But, of course, it does.  Reno Friends has an annual budget and is happy to accept donations to help us pay our First Day School teacher (our only staffing expense), and to offset the cost of utilities, insurance and upkeep of our Meeting House and First Day School. We also give to several local and national charitable organizations or Quaker organizations, and we support the quarterly and yearly Meetings that serve our region and the West Coast.

When we do discuss giving to our Meeting — usually at our monthly Business Meeting — we try to do so in a larger context.  As the 19th-century Quaker John Woolman said, “As Christians, all we possess are the gifts of God.  To turn all the treasures we possess into the channel of Universal Love becomes the business of our lives.” We recognize that some people have more time than money, or may feel that they have a special skill or expertise they can lend the Meeting to make our communal experience richer and more interesting.  Our Query on Stewardship says:  “From the indwelling Seed of God, we discover our particular gifts and discern the service to which we are called.”  Some might make phone calls to those who are sick, while others balance the books or help keep our campus tidy.  There are many ways to give to the Meeting.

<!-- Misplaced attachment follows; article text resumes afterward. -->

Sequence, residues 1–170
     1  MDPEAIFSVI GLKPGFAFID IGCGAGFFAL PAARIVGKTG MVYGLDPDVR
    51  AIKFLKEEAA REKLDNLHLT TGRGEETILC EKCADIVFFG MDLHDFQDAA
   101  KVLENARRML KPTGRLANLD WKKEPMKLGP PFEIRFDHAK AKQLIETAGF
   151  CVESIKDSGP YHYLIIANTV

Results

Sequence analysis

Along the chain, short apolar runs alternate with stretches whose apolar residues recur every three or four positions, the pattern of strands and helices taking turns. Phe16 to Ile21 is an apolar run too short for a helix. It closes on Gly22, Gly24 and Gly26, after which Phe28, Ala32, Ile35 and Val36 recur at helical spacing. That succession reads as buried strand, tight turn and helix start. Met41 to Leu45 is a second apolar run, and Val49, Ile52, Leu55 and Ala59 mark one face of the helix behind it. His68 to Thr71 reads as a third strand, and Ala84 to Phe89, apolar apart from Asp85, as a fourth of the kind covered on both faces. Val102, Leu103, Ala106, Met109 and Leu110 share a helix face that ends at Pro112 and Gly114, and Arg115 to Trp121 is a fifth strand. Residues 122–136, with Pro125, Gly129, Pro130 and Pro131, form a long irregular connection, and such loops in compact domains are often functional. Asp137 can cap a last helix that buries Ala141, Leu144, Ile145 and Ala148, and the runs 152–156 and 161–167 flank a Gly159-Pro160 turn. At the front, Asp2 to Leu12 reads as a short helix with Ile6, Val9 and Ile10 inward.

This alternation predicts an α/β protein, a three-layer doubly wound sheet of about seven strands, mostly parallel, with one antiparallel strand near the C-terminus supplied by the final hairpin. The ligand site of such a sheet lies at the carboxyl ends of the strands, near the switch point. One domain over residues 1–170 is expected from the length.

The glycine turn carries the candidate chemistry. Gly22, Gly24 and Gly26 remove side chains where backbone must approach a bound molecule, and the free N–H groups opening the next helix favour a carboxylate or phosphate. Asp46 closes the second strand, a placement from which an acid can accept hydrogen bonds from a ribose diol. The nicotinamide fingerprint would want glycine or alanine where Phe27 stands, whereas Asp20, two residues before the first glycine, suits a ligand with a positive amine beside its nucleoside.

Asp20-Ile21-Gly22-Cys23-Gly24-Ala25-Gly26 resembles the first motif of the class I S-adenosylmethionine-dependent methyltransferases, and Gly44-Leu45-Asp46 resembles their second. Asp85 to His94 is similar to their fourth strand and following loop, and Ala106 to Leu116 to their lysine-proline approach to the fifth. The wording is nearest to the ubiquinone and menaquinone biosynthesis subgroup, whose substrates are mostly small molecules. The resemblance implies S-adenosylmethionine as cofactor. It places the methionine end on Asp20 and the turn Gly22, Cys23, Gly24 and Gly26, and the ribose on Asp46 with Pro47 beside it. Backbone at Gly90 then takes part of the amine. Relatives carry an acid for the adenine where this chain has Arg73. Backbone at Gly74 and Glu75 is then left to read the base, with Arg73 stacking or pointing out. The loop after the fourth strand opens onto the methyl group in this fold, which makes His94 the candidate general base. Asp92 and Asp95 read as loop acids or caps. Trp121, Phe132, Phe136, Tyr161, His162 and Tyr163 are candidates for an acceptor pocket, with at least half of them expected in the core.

In the end, I’ve learned to appreciate the Quakers’ way of keeping money off center stage, and I  appreciate the many ways Reno Friends give to our Meeting.  Everyone does what she or he can. If they have a handful of coins or a check to share, then they can slip it into the humble Quaker Oats canister that sits on our Meeting House table.

Wendy Swallow, Clerk of Reno Friends Meeting

 email: wswallow54 (at) gmail.com

The opinions expressed above are not necessarily those of Reno Friends Meeting.